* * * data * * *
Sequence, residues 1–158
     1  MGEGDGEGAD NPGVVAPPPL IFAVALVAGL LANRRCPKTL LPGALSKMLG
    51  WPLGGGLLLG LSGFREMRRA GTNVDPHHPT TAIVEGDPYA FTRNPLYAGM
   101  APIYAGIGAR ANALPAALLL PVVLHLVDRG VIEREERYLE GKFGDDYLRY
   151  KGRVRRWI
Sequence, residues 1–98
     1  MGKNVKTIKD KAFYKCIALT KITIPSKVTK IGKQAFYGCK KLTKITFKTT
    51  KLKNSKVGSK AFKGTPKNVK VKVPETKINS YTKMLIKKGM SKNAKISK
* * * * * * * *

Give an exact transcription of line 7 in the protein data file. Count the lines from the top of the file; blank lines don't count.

     1  MGKNVKTIKD KAFYKCIALT KITIPSKVTK IGKQAFYGCK KLTKITFKTT